One truck was full of shoes, and sheriff Tom Poppell benignly allowed the black people who had gathered silently around the smoking wreck to help themselves to box after box of good leather shoes, red, black and green shoes they could never have afforded by themselves, all wrapped in tissue paper.
'All day long under a sky like white coals,' writes Melissa Fay Greene, 'the High Sheriff stood spread-legged on the highway, directing traffic; the road crews swept and shovelled; and hundreds of local families quietly harvested shoes.' They thanked Sheriff Poppell for this licenced larceny, and the Sheriff, with a silent gesture of one hand, acknowledged their tribute.
It is with this telling image of the old South - a mixture of feudal power, poverty and lawlessness, still surviving seven years after the second great emancipation of 1964 - that Greene opens this masterly book. It is as tender and powerful as a great Russian novel, yet written in a style that sets the casual rhythms of contemporary speech against the vast, timeless landscape of coastal Georgia, 'one of Earth's rare moist and sunny places where life loves to experiment. Because it is flushed out twice a day by the systole of saltwater tide and diastole of alluvial tide, the marsh looks new, as if still wet from creation'.
Nature in south Georgia may love to experiment. The same has not been true of its white inhabitants since they arrived from the Scottish Highlands in the early 18th century and began to import slaves to cut down the timber for them, tap the turpentine and fish the shrimps off this steaming coast. By the 1970s, little had changed since slavery times.
When Sheriff Tom Poppell succeeded his father in 1948 and long after pine, turps and shrimping had given place, for the few thousand white inhabitants of the county, to the great new industry; fleecing the Yankee tourists. With sly cunning and prodigious imagination, they dreamed up new ways, or rather new variations on time-honoured ways, of prising dollars from the occupants of the shining river of trucks and sedans, Cadillacs and Chevvies, that poured through Darien, Georgia, hellbound for Miami. Some offered free come-on rolls at gambling games where seemingly naive yokels fixed the odds against a tourist winning at 1,700,000 to one. Others ran joints like the SS Truck Stop where, if you asked the scantily-clad waitress for a hamburger, she would come back to you, 'Honey, the only thing you gon' get here costs thirty-five dollars, and you get it in the back room'.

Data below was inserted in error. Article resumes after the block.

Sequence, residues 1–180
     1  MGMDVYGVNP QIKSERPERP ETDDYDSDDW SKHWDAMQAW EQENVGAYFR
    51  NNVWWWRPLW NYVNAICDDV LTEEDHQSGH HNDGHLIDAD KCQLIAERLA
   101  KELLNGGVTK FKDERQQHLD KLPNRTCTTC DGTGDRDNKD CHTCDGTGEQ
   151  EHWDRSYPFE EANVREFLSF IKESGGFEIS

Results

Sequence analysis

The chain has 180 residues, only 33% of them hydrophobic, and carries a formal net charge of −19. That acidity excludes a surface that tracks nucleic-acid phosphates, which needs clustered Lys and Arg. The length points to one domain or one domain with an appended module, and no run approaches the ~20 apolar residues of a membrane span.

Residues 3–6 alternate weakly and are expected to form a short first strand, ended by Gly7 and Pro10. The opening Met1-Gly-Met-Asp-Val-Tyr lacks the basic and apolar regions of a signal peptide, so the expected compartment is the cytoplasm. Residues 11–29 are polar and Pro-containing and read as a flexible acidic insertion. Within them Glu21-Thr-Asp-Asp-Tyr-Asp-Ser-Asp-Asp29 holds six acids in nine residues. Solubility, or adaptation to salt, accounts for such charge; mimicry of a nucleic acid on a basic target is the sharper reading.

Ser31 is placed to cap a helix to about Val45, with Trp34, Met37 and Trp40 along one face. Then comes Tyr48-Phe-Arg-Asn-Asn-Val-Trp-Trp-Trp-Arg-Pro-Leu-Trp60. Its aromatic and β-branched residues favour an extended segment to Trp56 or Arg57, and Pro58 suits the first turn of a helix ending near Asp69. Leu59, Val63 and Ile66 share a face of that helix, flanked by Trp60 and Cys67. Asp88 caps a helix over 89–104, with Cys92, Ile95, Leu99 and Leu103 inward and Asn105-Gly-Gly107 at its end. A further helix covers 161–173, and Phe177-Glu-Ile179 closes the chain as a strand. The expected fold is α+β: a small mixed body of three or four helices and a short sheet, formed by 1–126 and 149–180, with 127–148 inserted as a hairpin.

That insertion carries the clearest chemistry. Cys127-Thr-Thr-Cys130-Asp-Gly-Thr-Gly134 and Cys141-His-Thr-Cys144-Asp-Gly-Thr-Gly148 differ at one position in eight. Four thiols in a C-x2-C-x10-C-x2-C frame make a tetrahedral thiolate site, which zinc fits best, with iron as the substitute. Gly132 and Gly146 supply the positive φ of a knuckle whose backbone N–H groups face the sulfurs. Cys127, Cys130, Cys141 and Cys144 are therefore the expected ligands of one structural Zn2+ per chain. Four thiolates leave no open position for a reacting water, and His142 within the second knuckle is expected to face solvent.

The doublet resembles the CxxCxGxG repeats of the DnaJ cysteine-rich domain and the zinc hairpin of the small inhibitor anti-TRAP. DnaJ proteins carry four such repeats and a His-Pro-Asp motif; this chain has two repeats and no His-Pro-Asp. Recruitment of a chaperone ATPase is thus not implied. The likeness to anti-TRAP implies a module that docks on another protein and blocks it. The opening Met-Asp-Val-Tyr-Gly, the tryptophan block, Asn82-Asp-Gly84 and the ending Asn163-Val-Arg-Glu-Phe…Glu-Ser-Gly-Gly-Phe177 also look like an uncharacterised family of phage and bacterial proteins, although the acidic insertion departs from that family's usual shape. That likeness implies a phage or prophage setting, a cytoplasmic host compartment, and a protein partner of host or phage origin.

Sheriff Poppell kept control in McIntosh not with the whip and the gun, like the beer-gutted sheriffs of cliche, but by country cunning. He grew rich with the skim from robberies, illegal gambling, prostitution and narcotics, and there were dark stories of backwoods murder where his will was flouted. He courted the black vote with geniality and with shrewdly distributed favours. Unlike other white sheriffs, he made sure that every last black voted, and that they voted for him. Sheriff Tom, in fact, was one of the last unchallenged bosses in the South. Until, that is, the black community, the 'sleeping giant' as the white folks called it, Kraken-like awoke.
Melissa Fay Greene's unsentimental account of the black awakening starts slowly, as if nothing would ever change in McIntosh county. It turns into an authentic South Georgia tragedy. It is the story of how a black man, Thurnell Alston, of little education and great ability, rose from sweaty obscurity to become a county commissioner, not like the stammering old Uncle Toms Sheriff Poppell had patronised, but as the proud champion of a people so poor that when winter came they prayed for sheetrock - toughened plasterboard - to be delivered by the bounty of Highway 17, like Sheriff Poppell's shoes, to keep out the rain.
It was, with the sort of irony that Thomas Hardy would have relished, the highway that began the downslope in Thurnell Alston's life. His son Keith, the apple of his eye, crossed the road to buy sweets for his twin baby brother and sister. His attention wandered, he stepped into the stream of traffic, and was killed instantly. Alston's marriage never recovered. He started to drink, to take bribes, to front for the drug smugglers who had found a new use for the shrimp boats and the quiet coves of the saltmarsh. I will not spoil the magnificent denouement of this non-fiction novel by giving away the specific manner of Thurnell's discomfiture, but the book held me from the first page to the last.
The central narrative accelerates smoothly to a surprise tragicomic resolution. But this is not only the ironic story of a white sheriff and his black supplanter; not even the portrait of the people, half black, half white, of Darien in its endless pine-woods. In prose that is both sharp and elegiac, Melissa Fay Greene catches the pitch of a voice, the simmering heat and the tensions of human contact. But she also catches the essential unity of the human experience of this insidiously beautiful, treacherous land with its history that is both placid and bloodstained.
'Before the whites came, before the blacks, the Indian elderly must have sat, relishing in memory their fine moments, inwardly revelling, just as today, on high, small concrete balconies overlooking the Florida beach, American elderly people sit on foldout aluminium chairs and look to the horizon from their perches, while the ocean wind ruffles their hair.' Few writers as good as this come along in a generation, even in the South, with all the unfair advantage of having the South to write about; and not many of them achieve this high, even purr of controlled power in their very first book.
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